I really liked the first half with the hiking and how the MCs got to know each other. I liked that they became friends first and that they moved into "something more" more gradually than you tend to see in contemporaries. There was no insta-lust or insta-love here, and it felt more real and genuine to me when they finally realized what they meant to each other. Especially considering all they have to get over first. Anders is coming out of an emotionally abusive relationship, and Kevin is grappling with a terminal diagnosis and is convinced he can't allow himself to get close to anyone. The hiking culture was well done, though I would've like more descriptions of the trail and the places they saw and passed through. It didn't need to be Tolkien levels of description, but I wanted more than the sketches we were given to really put me in the various locations.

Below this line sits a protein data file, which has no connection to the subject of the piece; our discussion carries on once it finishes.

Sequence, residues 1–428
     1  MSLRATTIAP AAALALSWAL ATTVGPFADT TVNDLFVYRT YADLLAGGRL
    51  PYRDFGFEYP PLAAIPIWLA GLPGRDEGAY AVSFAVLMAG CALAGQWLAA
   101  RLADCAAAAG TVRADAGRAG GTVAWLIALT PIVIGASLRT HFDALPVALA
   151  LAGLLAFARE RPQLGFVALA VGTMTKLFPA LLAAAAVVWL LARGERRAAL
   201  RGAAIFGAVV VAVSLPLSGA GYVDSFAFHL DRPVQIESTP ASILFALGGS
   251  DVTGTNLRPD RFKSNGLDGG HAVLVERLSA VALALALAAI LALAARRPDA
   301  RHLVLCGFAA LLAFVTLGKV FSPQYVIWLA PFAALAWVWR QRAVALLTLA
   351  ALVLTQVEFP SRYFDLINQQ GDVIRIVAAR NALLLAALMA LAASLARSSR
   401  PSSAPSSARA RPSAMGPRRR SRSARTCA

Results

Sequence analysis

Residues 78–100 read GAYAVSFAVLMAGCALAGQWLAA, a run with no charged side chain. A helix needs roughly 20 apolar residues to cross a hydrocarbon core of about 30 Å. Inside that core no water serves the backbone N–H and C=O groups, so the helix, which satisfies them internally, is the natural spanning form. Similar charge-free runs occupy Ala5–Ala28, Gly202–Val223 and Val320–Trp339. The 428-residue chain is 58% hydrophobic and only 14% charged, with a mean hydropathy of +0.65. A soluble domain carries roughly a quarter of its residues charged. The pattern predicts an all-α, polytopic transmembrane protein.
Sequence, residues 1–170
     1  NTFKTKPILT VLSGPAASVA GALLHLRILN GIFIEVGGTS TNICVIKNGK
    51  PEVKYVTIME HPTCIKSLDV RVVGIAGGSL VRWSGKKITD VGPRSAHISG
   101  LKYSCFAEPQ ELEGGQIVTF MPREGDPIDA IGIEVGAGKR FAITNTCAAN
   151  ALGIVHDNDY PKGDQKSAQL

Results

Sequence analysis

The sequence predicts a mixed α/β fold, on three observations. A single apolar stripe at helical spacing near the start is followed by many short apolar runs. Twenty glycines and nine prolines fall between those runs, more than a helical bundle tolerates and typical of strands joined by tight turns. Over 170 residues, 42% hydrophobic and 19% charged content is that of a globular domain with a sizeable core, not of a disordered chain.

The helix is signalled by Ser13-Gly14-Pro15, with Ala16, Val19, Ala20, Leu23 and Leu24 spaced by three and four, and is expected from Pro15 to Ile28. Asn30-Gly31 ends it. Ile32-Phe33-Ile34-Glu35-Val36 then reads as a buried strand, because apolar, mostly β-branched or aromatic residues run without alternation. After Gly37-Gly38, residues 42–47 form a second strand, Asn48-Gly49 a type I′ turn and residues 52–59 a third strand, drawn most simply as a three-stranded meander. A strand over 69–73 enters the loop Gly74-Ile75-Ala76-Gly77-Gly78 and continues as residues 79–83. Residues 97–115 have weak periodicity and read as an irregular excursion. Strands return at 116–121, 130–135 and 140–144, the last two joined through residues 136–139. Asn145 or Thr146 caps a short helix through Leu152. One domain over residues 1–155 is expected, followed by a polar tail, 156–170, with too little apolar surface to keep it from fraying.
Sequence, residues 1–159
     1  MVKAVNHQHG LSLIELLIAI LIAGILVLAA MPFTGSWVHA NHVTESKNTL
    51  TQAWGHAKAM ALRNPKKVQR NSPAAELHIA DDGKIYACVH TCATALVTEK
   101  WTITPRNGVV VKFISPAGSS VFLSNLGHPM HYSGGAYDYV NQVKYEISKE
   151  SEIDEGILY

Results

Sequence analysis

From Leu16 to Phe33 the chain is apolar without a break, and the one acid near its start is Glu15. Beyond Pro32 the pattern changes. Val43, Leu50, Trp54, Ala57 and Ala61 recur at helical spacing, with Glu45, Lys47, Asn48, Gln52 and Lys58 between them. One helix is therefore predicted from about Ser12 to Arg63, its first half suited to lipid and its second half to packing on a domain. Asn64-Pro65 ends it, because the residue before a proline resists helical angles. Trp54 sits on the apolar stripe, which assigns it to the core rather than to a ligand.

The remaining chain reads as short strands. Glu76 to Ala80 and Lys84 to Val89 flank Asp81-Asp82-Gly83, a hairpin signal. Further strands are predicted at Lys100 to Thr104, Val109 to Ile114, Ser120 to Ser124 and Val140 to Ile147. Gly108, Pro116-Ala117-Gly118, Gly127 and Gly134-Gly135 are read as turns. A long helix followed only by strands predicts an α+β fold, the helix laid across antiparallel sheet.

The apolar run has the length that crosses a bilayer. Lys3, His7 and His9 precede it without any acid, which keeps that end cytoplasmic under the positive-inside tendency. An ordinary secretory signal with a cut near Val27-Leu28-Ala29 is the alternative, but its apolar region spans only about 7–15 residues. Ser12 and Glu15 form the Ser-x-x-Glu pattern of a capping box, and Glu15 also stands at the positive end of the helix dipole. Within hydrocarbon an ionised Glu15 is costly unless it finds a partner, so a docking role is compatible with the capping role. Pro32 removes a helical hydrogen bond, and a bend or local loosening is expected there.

The second half got a little melodrama llama. We find out that things weren't all as they seemed as far as Anders and his family -

he's just as bad at communication with his parents as Kevin is with his mother and sister

(spoiler show)

- and things escalate with Joel. While such things do happen in real life, this felt manufactured for the sake of drama and ended up feeling over the top. The tiny little mystery Thomas just has to include wasn't all that mysterious and again felt manufactured just for the sake of it. She also never makes it very clear